Categories
NEW YORK CITY ARCHIVES NEWS & POLITICS ARCHIVES NYC ARCHIVES THE FRONT ARCHIVES

Who needs a bailout? The New York soldiers heading to Afghan War frontlines.

The frightening Taliban invasion of the Afghan capital Kabul, courtesy of Al Jazeera‘s Todd Baer. Compare the CNN and Al Jazeera stories.

Bailout? If by accident of birth, you were in Kabul yesterday, you’d be dying to bail out. You would have been running for your life while crazed Taliban stormed major government buildings and blew themselves up. A score of non-Taliban people were killed and fourscore wounded yesterday in Afghanistan’s capital in the ominous assault.

Not to worry: Hell is on the way. U.S. troops, led by New York’s 10th Mountain Division, are returning to Central Asia after being unjustifiably diverted from Uzbekistan (where they named their camp’s muddy streets after the L.I.E., Fifth Avenue, and so on) to Iraq a few years ago to be blown up by Iraqi rebels. Bad news, everybody: There’s a spring offensive coming against the Taliban, and it won’t be like the relatively bloodless capture of Baghdad. It’ll be like what happened after George W. Bush declared, “Mission accomplished!”

See the sprightly agitprop “10th Mountain Division Leads New Deployments to Afghanistan” from the Defense Department’s American Forces Press Service. Or check out the previews from ABC and CBS.

So, prepare yourselves for depressing news this spring of a non-financial variety: The expected sudden rise of U.S. deaths in Afghanistan will shove at least some of the Wall Street-inspired news off the front pages.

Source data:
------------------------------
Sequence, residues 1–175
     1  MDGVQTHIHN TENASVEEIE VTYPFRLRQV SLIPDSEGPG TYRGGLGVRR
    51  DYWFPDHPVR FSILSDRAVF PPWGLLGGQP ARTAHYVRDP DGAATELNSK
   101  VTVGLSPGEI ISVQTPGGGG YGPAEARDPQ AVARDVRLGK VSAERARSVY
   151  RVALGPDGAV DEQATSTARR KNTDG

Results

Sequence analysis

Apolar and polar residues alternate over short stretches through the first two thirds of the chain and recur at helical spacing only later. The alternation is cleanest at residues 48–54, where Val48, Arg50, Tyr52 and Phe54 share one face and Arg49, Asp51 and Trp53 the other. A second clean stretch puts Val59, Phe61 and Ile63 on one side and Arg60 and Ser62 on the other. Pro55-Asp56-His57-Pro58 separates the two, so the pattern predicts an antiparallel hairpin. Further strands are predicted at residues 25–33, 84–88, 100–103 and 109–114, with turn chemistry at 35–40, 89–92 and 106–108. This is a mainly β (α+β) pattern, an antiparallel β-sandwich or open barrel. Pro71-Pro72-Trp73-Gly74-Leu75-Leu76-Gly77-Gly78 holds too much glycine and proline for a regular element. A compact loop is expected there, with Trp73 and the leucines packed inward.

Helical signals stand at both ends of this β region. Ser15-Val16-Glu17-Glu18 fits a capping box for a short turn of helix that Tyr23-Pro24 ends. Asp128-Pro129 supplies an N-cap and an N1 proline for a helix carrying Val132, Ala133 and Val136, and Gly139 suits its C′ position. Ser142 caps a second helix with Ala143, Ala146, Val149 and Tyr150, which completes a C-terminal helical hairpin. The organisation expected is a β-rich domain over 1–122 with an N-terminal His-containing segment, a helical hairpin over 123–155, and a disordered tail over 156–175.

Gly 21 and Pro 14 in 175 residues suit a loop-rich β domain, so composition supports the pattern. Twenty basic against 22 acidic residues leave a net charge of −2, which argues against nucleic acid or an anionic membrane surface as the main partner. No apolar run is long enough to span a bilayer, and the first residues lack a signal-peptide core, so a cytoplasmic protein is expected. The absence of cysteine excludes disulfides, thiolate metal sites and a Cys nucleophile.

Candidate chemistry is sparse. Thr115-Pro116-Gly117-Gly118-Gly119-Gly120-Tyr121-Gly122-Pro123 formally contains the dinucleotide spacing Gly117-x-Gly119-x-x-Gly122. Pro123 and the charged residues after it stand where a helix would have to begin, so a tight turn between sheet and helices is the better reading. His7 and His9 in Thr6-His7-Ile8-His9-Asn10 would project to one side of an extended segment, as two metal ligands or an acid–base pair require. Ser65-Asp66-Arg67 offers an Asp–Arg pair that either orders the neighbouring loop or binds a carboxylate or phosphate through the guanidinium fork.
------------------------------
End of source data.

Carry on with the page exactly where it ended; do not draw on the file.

After all, if by the grace of Darwin or God you happen to live in the U.S., you may very well lose your home or job, but you probably won’t be blown up. Unless you’ve been brainwashed by the government’s ad campaigns and have joined the military. In which case, you, too, might find yourself in beautiful downtown Kabul trying to stamp out the Muslim fanatics.

It was only 25 years ago that Ronald Reagan hosted the Taliban in the White House, praised them as heroic “freedom fighters,” and drummed up money for them. And Texas oilmen feted the creepily fundamentalist Taliban leaders with backyard barbecues.

Now the Taliban are returning the favor by trying to barbecue Americans. They no longer need a stimulus from the White House.

You need one, so have another cup of coffee and click on these headlines…

NO PARTICULAR ORDER:

Bloomberg: ‘Bank Failures May Reach 1,000 on Bad Loans’

N.Y. Post: ‘BE MY CUT-RATE VALENTINE’

N.Y. Daily News: ‘Mother cries “tears of happiness” after baby’s life-saving brain surgery’

N.Y. Post: ‘COP WILL SURRENDER IN BEATING’

N.Y. Daily News: ‘A daring river rescue by man down on luck’

Wall Street Journal: ‘Obama Wants Funds Restored to Stimulus’

N.Y. Daily News: ‘Job well done?! 4 Merrill execs got $121M in bonuses on eve of bailout’

N.Y. Times: ‘In New Procedure, Artificial Arm Listens to Brain’

N.Y. Post: ‘B’KLYN COP SHOOTS TEEN GUNMAN’

N.Y. Daily News: ‘Gov waffles on tax hikes for wealthy’

Reuters: ‘U.S. mortgage applications slump to 8-year low’

Wall Street Journal: ‘Attack in Kabul Leaves 26 Dead’

N.Y. Post: ‘SULLY AND PAL RELIVE BIRD BLITZ’

N.Y. Daily News: ‘Another day, another $294G’

N.Y. Times: ‘Comeback for 10-Year-Old Spaniel’

N.Y. Post: ‘ALOMAR IN “AIDS” SHOCK: EX-LOVE SUES MET GREAT’

N.Y. Times: ‘New School Faculty and President Remain at Odds’

International Herald Tribune: ‘U.S. is looking to the “vultures” to rescue banks’

N.Y. Post: ‘BRAVE GAL IDS “HIT MAN”‘

Wall Street Journal: ‘Economists React: Treasury Announcement Fails to Satisfy’

N.Y. Post: ‘I WAS ANGEL OF FAKE DEATH’

N.Y. Times: ‘Gates Orders Review of Policy on Soldiers’ Coffins’

N.Y. Post: ‘LOTTERY MAY BET ITS MARBLES ON THE MARKET’

N.Y. Post: ‘SHOVEL MURDER’

N.Y. Times: ‘On Trail of War Criminals, NBC News Is Criticized’

N.Y. Post: ‘BIG PUSSY $ETTLES WITH EX’

Wall Street Journal: ‘Foreclosure “Tsunami” Hits Mortgage Servicers’

N.Y. Post: ‘”GRAFT” RABBI OFF HOOK IN DOC ASSAULT’

Forbes: ‘Geithner’s Cash For Trash’

Forbes: ‘Why A $99 iPhone Is Bad For Apple’

N.Y. Daily News: ‘”Booty call” sparked fight’